TORONTO, April 8, 2014 – Real estate brokers across the country saw inventory increase noticeably in the final month of the first quarter of 2014, following a remarkably drab winter for residential real estate activity. The spring market, which seemed on the verge of underperforming, turned a corner in the last weeks of the quarter.
According to the Royal LePage House Price Survey, released today, most regions showed healthy year-over-year price growth, with the average price of a home in Canada rising between 2.5 per cent and 5.4 per cent. In the first quarter, the average price of a two-storey home increased 5.4 per cent to $428,943, while detached bungalows rose 4.4 per cent year-over-year to $380,765. Standard condominiums posted slightly lower gains of 2.5 per cent to $252,174. Regionally speaking, Toronto, Winnipeg, Calgary and Edmonton saw the highest price increases, while parts of Atlantic Canada, with much of its inventory still under snow, posted the lowest gains overall.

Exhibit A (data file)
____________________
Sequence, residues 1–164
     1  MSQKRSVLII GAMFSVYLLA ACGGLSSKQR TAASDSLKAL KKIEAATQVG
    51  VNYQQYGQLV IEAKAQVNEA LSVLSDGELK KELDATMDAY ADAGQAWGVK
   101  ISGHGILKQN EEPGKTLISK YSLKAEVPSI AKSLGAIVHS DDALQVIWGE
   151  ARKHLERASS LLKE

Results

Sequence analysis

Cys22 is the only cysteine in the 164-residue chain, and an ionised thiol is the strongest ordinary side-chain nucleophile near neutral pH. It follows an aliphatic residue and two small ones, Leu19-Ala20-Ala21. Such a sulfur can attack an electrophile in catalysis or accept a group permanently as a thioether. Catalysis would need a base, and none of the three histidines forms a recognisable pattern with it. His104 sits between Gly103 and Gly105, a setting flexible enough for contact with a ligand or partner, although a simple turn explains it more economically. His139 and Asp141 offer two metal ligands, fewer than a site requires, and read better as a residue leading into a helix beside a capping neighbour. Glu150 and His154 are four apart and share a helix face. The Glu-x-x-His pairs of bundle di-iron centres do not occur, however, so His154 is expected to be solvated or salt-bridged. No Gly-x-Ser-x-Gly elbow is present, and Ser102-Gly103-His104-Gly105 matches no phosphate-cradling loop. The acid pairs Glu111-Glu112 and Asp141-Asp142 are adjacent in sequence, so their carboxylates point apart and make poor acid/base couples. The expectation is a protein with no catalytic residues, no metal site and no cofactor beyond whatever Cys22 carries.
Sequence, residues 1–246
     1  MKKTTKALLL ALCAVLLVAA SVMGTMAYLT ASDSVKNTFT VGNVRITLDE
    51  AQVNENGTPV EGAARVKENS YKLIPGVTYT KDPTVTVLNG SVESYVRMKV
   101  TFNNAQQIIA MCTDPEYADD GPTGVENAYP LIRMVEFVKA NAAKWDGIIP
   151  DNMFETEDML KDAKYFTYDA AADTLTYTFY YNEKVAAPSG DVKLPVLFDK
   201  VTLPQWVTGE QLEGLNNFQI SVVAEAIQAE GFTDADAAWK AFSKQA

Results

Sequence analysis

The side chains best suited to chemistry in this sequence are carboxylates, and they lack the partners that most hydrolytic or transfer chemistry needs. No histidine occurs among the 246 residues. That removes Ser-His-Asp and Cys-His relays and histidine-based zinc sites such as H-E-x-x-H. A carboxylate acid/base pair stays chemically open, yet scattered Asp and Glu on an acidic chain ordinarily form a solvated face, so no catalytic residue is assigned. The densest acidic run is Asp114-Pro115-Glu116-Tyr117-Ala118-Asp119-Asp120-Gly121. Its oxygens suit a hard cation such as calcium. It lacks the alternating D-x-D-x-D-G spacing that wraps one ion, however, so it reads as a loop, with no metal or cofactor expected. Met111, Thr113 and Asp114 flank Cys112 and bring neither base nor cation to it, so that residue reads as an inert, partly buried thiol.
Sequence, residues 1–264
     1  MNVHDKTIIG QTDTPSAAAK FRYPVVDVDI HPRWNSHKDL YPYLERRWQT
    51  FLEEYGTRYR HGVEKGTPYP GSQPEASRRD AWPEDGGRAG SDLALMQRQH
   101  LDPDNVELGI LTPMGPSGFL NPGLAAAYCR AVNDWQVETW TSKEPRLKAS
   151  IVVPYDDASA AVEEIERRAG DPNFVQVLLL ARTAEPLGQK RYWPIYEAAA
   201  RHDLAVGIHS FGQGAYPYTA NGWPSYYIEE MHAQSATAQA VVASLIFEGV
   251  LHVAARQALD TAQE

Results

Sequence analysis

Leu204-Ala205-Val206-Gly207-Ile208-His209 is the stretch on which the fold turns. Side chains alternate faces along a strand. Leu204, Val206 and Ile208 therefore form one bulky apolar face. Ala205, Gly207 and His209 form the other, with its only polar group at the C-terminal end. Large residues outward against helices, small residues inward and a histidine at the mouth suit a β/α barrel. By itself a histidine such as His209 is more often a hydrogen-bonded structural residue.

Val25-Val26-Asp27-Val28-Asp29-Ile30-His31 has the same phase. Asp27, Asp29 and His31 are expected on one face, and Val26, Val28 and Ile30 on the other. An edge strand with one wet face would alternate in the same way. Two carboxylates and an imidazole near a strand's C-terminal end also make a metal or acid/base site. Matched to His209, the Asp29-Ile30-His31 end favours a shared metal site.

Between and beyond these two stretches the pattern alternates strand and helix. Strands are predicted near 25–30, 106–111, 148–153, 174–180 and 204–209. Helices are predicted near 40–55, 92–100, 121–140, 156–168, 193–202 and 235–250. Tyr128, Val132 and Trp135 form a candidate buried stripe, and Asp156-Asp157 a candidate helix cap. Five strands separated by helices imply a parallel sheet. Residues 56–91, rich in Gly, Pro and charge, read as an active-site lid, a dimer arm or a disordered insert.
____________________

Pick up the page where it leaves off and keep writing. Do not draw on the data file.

“It appears that it took only the slightest hint of spring to bring home-sellers out of hibernation,” said Phil Soper, president and chief executive of Royal LePage. “We are finally seeing the arrival of housing inventory in seasonally appropriate quantities across the nation. When combined with pent-up demand following a particularly long and harsh winter, the stage is set for a robust 2014 spring market. This is particularly good news for buyers, as the home price spikes we have seen in a number of cities should be alleviated by this additional supply.”
To read the full Royal LePage press release, please click here.